WASHINGTON (Reuters) - The U.S. Environmental Protection Agency on Thursday proposed changes to rules regulating coal ash waste from power plants that it said would give states more flexibility over its disposal and save electric utilities up to $100 million a year in compliance costs.
The proposal includes more than a dozen changes to an Obama-era rule that established minimum national standards for the disposal of coal ash, a byproduct of coal-based power plants that contains toxic materials such as arsenic and lead.
“Today’s coal ash proposal embodies EPA’s commitment to our state partners by providing them with the ability to incorporate flexibilities into their coal ash permit programs based on the needs of their states,” EPA Administrator Scott Pruitt said in a statement.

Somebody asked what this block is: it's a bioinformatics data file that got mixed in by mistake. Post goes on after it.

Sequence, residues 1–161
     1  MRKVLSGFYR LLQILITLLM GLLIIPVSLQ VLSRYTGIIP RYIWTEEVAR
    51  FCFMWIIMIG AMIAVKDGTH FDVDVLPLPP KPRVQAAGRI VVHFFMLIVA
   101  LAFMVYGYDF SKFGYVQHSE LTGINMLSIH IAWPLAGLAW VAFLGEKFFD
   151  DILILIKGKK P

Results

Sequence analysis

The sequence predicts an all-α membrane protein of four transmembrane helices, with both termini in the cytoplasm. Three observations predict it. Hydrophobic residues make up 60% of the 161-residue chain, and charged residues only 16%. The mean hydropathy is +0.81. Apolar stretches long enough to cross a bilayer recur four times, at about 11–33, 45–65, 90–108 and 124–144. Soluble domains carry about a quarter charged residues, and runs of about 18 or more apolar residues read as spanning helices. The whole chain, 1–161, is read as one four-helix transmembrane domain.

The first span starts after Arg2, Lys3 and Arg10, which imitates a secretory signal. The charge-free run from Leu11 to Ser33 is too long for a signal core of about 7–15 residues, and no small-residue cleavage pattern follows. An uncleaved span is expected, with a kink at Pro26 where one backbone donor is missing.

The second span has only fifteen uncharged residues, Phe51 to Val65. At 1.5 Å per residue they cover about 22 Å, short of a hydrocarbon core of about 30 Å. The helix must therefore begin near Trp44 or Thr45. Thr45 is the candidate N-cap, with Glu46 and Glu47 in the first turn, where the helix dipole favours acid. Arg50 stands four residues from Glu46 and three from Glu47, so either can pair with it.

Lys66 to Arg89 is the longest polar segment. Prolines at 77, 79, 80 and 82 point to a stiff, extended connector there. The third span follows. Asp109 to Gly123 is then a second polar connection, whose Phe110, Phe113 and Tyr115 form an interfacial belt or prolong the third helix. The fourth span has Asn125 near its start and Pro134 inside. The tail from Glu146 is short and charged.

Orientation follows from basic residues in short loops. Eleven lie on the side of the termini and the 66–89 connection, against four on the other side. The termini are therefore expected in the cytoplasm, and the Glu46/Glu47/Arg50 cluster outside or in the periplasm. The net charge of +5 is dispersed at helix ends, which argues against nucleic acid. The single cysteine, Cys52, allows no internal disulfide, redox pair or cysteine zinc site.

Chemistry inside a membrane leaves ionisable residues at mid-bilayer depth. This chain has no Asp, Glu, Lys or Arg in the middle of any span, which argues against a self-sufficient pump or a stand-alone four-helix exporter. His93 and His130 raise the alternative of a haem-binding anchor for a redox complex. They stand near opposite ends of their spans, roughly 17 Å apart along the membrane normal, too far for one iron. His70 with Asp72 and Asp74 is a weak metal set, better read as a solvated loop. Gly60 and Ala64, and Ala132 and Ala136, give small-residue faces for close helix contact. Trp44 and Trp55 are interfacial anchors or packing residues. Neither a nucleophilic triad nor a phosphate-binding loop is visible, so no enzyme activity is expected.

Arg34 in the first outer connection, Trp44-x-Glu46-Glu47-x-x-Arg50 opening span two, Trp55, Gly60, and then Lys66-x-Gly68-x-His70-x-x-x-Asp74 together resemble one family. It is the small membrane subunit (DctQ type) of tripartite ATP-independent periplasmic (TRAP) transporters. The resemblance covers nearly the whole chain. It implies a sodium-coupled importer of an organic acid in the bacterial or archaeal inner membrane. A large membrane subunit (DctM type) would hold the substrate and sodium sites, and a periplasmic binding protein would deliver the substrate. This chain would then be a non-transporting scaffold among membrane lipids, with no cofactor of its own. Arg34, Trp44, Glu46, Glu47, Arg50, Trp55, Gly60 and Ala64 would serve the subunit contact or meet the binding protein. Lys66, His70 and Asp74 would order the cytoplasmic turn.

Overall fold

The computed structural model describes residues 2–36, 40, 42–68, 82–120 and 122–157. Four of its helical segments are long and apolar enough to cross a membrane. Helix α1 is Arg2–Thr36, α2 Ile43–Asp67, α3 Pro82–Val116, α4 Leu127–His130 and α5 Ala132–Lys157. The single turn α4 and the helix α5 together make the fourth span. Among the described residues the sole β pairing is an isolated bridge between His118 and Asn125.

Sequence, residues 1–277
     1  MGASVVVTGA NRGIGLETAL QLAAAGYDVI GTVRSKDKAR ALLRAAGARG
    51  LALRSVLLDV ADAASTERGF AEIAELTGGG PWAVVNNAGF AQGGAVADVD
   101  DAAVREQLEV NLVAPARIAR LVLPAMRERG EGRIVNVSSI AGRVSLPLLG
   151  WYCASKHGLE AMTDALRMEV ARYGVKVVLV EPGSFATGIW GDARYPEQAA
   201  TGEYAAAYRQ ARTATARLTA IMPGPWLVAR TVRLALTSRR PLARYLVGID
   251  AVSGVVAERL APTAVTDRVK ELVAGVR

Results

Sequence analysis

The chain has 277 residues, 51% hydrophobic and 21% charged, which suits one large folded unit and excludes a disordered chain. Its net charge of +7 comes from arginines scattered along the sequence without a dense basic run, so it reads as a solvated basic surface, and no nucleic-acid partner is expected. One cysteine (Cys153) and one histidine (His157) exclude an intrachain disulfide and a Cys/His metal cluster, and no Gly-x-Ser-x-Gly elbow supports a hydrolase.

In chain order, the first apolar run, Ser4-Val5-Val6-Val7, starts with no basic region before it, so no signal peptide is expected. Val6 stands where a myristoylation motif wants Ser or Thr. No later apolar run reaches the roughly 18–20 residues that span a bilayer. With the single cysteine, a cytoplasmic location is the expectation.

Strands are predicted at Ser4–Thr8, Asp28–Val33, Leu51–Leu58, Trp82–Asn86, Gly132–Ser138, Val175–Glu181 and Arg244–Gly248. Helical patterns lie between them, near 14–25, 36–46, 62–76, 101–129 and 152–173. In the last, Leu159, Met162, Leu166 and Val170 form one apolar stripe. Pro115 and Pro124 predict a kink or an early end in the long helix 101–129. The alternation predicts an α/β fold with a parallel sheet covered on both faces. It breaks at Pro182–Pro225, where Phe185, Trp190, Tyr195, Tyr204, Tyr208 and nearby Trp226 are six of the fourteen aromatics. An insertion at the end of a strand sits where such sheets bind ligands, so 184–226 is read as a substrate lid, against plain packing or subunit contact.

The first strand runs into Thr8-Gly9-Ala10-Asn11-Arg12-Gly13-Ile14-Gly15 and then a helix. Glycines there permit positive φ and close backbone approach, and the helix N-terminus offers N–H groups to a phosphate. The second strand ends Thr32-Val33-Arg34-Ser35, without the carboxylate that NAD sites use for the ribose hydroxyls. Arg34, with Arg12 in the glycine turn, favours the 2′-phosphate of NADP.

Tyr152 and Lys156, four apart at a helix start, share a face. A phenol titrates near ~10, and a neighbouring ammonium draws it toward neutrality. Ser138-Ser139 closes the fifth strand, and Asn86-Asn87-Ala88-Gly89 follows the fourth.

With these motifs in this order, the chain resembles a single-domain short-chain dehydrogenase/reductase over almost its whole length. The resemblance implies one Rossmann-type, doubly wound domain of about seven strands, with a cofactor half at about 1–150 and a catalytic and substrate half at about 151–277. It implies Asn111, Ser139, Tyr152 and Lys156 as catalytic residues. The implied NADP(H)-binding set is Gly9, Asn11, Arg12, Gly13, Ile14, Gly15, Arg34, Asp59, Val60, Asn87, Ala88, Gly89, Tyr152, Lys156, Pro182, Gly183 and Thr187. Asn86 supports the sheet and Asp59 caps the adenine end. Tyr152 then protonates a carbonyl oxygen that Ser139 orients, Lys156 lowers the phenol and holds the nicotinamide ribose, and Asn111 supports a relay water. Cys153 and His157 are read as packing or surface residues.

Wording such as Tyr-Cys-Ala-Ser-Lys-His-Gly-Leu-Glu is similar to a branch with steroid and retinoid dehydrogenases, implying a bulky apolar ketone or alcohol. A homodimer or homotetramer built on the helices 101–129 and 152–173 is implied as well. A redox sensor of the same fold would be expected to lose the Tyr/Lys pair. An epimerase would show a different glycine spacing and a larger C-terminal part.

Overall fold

In September, the EPA said it would reconsider the Obama-era rule after utility industry groups petitioned for changes.
Environmental groups warned in September that if the EPA rolled back the safeguards, it would put the public at risk because coal ash pits are located near waterways and groundwater.
The agency said it would be accepting public comment on the proposal for 45 days and planned to hold a public hearing.
Reporting by Eric Beech; Editing by Peter Cooney
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